The death toll from hurricane Michael which made its landfall on Wednesday rose to 17 on Saturday.
'Mexico Beach is devastated', said Florida Governor Rick Scott. "It's like a bomb went off," Scott said as he toured the town of 1,000 people on the Gulf of Mexico. "It's like a war zone." Rescue teams were using sniffer dogs in Mexico Beach on Friday in a search for victims who may be buried under the rubble in the debris-strewn community.
Brock Long, head of the Federal Emergency Management Agency (FEMA), warned that he expected the number of deaths to rise.
"I hope we don't see it climb dramatically but I have reasons to believe we still haven't got into some of the hardest hit areas," he said.
"What's happening is search and rescue is trying to get into the rubble to make sure that there's nobody covered up, trying to assess if there's additional casualties there," Long added.
Dozens of structures in Mexico Beach -- homes, shops and restaurants -- were lifted off their foundations by storm surge and 155-mile per hour (250 kph) winds and moved hundreds of feet inland or smashed to bits.
"Very few people live to tell what it's like to experience storm surge," Long said. "Storm surge causes the most amount of loss of life."
State officials said Mexico Beach was under mandatory evacuation orders but some residents decided to stay and try to ride out the storm.
"You hope that somehow at the last minute a bunch of people got up and left or went somewhere else," said Florida Senator Marco Rubio.
At least four deaths from the storm have been confirmed in Florida, five in Virginia, one in Georgia and three in North Carolina.
US media on Friday quoted authorities in Jackson County, Florida, as reporting three deaths there, bringing Michael's toll to at least 16.
The latest two deaths in North Carolina occurred in McDowell County when a car struck a tree that had fallen across a road, officials said.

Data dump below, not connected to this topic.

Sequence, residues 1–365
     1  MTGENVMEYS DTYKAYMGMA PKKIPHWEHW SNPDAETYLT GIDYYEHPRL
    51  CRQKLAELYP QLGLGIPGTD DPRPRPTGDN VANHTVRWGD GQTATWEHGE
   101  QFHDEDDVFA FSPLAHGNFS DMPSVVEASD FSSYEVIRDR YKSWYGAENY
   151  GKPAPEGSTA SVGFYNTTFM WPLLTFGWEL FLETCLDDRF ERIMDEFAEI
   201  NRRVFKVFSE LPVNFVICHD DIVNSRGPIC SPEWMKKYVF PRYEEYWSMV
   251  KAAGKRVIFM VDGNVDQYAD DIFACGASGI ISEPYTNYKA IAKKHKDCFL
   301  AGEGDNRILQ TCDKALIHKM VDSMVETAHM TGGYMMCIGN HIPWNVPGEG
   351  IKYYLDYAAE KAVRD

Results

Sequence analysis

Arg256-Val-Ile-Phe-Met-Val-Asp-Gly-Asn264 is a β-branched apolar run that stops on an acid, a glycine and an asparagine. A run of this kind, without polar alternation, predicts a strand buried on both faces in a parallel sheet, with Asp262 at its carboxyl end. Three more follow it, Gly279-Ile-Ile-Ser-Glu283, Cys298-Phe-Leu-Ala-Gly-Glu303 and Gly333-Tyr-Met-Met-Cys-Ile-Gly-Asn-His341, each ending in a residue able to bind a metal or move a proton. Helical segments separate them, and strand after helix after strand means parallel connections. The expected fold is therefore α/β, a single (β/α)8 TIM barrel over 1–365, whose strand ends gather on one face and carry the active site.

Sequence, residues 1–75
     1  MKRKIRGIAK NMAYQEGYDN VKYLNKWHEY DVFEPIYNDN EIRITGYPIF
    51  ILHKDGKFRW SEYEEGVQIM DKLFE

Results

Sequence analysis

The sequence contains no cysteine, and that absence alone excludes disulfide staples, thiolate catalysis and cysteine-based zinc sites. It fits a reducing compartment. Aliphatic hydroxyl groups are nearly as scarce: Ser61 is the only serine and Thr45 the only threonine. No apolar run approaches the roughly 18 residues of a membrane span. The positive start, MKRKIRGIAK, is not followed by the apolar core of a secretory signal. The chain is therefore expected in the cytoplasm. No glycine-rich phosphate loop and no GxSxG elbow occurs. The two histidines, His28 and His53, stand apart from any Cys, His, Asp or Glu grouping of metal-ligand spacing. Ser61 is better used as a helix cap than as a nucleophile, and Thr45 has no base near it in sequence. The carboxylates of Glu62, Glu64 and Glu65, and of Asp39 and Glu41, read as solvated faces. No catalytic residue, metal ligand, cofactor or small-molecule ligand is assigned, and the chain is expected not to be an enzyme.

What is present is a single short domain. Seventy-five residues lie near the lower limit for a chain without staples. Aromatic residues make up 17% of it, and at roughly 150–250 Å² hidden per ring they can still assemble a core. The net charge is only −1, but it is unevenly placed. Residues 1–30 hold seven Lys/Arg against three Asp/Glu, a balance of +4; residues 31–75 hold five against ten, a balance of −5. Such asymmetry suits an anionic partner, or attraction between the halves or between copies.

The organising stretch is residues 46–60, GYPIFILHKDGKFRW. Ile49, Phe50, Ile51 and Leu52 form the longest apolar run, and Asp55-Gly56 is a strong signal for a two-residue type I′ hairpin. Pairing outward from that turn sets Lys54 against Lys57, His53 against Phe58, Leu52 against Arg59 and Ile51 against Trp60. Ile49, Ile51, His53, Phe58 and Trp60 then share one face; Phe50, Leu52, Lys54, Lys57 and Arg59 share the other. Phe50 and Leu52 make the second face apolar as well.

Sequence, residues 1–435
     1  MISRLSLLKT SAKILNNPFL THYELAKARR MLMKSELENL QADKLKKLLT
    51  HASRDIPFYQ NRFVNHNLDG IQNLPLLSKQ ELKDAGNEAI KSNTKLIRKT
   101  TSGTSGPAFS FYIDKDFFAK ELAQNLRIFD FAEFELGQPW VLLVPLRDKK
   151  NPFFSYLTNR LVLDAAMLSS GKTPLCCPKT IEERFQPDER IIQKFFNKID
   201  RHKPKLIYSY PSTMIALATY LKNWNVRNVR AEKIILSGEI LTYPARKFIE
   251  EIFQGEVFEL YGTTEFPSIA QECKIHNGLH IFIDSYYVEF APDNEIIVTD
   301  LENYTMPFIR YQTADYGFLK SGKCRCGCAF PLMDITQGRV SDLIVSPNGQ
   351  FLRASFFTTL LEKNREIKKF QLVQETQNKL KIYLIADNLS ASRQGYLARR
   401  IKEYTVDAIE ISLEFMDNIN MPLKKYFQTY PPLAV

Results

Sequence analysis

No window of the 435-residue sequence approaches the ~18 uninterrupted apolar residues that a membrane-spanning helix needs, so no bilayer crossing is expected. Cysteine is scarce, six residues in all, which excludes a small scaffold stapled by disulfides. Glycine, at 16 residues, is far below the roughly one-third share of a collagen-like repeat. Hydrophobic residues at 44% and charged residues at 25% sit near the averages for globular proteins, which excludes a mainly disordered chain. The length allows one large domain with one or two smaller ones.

Hundreds of thousands of people remain without electricity in Florida, Georgia and Virginia, and officials say it could be weeks before power is fully restored.
President Donald Trump said he planned to visit Florida and Georgia.
"People have no idea how hard Hurricane Michael has hit the great state of Georgia," Trump tweeted. "I will be visiting both Florida and Georgia early next week. We are working very hard on every area and every state that was hit -- and we are with you!" Michael was the most intense hurricane to strike the Florida Panhandle since record keeping began in 1851.
People have no idea how hard Hurricane Michael has hit the great state of Georgia. I will be visiting both Florida and Georgia early next week. We are working very hard on every area and every state that was hit - we are with you!— Donald J. Trump (@realDonaldTrump) October 12, 2018
Many of the damaged Florida buildings were not built to withstand a storm above the strength of a Category 3 hurricane on the five-level Saffir-Simpson scale.
About 5,000 US servicemen were deployed to help with relief and recovery efforts, the Pentagon said, using 100 helicopters and 1,800 high-water vehicles.
Tyndall Air Force Base, home to the F-22 stealth fighter, suffered extensive damage, according to aerial photos of the coastal facility.
The base was evacuated ahead of the hurricane and the costly fighter planes were flown to other installations out of the path of the storm.